U.S. v. Lippner, No. 81-7414

CourtUnited States Courts of Appeals. United States Court of Appeals (11th Circuit)
Writing for the CourtBefore TUTTLE, KRAVITCH and JOHNSON; KRAVITCH
Citation676 F.2d 456
Parties10 Fed. R. Evid. Serv. 836 UNITED STATES of America, Plaintiff-Appellee, v. Robert L. LIPPNER, Jr. and James Buddy Williams, Defendants-Appellants.
Decision Date29 April 1982
Docket NumberNo. 81-7414

Page 456

676 F.2d 456
10 Fed. R. Evid. Serv. 836
UNITED STATES of America, Plaintiff-Appellee,
v.
Robert L. LIPPNER, Jr. and James Buddy Williams,
Defendants-Appellants.
No. 81-7414.
United States Court of Appeals,
Eleventh Circuit.
April 29, 1982.

Page 458

Mark J. Kadish, Atlanta, Ga., for defendant-appellant.

Milton E. Grusmark, Sheryl L. Javits, Miami, Fla., for Williams.

Joseph A. Newman, Melissa S. Mundell, Asst. U. S. Attys., Savannah, Ga., for plaintiff-appellee.

Appeals from the United States District Court for the Southern District of Georgia.

Before TUTTLE, KRAVITCH and JOHNSON, Circuit Judges.

KRAVITCH, Circuit Judge:

Appellants Robert L. Lippner, Jr. and James Buddy Williams were convicted by a jury of conspiracy to possess with intent to distribute a controlled substance, methaqualone, in violation of 21 U.S.C. §§ 841(a)(1) and 846. On appeal they object to several evidentiary rulings by the trial court, and contend that their enhanced sentences and the regulation scheduling methaqualone as a controlled substance were illegal. Appellant Williams, in addition, asserts that the trial court improperly denied him a severance, and failed to properly charge the jury on his asserted defense; that a fatal variance between the indictment and proof at trial compels acquittal; and that the evidence was insufficient to sustain his conviction. We reject all appellants' contentions except their challenge to their sentences and accordingly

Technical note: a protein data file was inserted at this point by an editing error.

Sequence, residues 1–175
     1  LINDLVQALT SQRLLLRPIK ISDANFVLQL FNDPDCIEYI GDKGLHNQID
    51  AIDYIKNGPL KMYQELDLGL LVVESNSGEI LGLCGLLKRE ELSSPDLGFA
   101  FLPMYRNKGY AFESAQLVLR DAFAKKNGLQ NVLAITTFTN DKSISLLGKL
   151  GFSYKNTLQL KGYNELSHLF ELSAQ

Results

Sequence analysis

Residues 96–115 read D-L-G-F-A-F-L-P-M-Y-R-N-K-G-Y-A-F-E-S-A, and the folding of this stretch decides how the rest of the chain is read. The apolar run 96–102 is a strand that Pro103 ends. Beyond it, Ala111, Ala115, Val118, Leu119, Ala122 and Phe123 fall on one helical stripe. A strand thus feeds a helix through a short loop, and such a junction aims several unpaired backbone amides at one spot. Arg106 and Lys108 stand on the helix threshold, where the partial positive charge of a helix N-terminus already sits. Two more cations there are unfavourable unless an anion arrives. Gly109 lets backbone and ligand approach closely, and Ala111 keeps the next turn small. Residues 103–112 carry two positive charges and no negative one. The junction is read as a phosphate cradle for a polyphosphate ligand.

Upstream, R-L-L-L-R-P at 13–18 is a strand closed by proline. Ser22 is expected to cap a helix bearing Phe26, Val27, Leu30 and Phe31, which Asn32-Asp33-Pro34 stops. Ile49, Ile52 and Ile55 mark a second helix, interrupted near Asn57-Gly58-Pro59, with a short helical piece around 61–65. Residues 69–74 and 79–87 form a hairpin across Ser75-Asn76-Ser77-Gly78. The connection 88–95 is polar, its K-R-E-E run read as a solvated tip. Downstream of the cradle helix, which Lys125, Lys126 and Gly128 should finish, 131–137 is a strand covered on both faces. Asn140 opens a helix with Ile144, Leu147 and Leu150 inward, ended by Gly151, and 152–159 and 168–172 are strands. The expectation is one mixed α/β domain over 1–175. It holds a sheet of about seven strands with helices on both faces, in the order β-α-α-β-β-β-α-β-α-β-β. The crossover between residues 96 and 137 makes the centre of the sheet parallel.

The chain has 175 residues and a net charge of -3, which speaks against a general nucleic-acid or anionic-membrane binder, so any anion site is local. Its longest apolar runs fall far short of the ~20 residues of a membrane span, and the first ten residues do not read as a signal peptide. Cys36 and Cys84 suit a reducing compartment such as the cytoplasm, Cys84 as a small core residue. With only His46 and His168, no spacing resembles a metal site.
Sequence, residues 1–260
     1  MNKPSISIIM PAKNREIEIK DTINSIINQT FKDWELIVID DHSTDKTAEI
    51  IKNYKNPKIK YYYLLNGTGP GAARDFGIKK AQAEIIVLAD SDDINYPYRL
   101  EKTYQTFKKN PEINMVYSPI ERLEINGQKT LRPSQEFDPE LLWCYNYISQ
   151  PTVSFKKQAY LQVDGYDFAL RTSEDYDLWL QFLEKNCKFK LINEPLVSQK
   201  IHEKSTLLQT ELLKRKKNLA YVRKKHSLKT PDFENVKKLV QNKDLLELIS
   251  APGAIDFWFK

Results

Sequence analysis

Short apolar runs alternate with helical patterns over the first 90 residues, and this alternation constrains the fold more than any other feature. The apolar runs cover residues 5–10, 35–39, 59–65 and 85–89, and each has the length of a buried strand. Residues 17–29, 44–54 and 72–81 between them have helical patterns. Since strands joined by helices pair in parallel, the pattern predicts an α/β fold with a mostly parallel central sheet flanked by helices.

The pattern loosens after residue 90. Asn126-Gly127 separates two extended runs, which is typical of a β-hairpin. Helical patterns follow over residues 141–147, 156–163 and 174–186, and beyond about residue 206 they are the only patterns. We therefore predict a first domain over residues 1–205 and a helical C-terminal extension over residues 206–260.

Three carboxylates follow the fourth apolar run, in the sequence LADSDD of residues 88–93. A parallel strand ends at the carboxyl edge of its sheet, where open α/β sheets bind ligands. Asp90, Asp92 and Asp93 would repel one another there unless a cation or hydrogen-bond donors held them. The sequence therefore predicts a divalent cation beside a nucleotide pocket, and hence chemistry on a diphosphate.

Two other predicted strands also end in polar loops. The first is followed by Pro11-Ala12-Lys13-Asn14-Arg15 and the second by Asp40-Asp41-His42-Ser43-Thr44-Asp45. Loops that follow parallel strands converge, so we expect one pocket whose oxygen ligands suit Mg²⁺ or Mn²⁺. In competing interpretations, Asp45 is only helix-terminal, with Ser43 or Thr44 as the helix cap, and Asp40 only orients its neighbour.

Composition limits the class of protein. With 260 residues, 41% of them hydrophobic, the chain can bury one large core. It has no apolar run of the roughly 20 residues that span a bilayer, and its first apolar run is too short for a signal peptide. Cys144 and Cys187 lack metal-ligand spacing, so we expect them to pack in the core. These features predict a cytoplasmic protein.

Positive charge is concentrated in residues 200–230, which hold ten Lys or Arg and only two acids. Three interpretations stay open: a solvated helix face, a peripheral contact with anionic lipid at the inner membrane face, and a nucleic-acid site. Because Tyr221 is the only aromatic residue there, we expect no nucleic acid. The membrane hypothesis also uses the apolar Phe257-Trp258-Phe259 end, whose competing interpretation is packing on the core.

Page 459

affirm the convictions but remand for proper sentencing.

I. Background

The evidence at trial showed that in the fall of 1980 Lippner and Robert Jackson Tedder 1 agreed to smuggle marijuana into the United States. The two men acquired a plane, and through various sources Tedder contacted Robert Johannesen, a Drug Enforcement Administration (DEA) agent posing as a potential pilot for drug smuggling operations, about being a pilot for their operation.

In November, 1980, Tedder flew to Atlanta for a meeting with Johannesen to discuss the marijuana smuggling. Johannesen told Tedder that he had a quantity of "quaaludes" (methaqualone tablets) for sale and was looking for a buyer. Subsequently Tedder arranged for Johannesen to sell the quaaludes to customers in Savannah, Georgia.

On November 18 Tedder and Lippner flew to Miami, picking up codefendant James E. Paulk en route. That night Lippner, Paulk, and Tedder flew to Savannah and checked in to rooms at the Holiday Inn previously reserved by Tedder in Lippner's name. At about 7:00 a. m. on November 19, Tedder went to Paulk's room to borrow some shaving items and met appellant Williams and Leonard DeWitt Mills. Paulk introduced Williams and Mills to Tedder and said they would be "the persons that (Tedder) would be introducing to (Tedder's) people." 2

Subsequently, Mills drove Tedder to the Master Hosts Inn so that Tedder could arrange a meeting with Johannesen. Mills returned to the Holiday Inn. After contacting Johannesen, Tedder called Paulk at the Holiday Inn and told him to bring Williams and Mills over to the Master Hosts so Tedder could introduce the two men to Johannesen. After Paulk, Williams, and Mills arrived at the Master Hosts and Tedder introduced Williams to Johannesen, Tedder and Paulk left for the airport.

Williams and Johannesen then met DEA agent Sprague and in a tape-recorded conversation, the three men discussed the drug transaction in detail. After some discussion of price, Williams led Johannesen to a car in the parking lot and showed him a grocery bag filled with cash. 3 When the two men returned to the motel, the agents arrested Williams. A search of Williams' person revealed a pair of brass knuckles, and a search of the car uncovered a loaded .38 caliber pistol.

County law enforcement personnel, meanwhile, followed Paulk and Tedder after they departed the Holiday Inn. The two men met Lippner at the airport, and prior to departure all three were arrested by a DEA agent. Subsequently, Tedder pleaded guilty to the conspiracy charges and testified for the government at the trial of Lippner, Williams and Paulk. 4

II. The Challenge to the Indictment

Both Lippner and Williams assert that the indictment should have been dismissed because no authority existed for the DEA to classify methaqualone as a controlled substance. 5 Appellants argue that the DEA's authority to designate controlled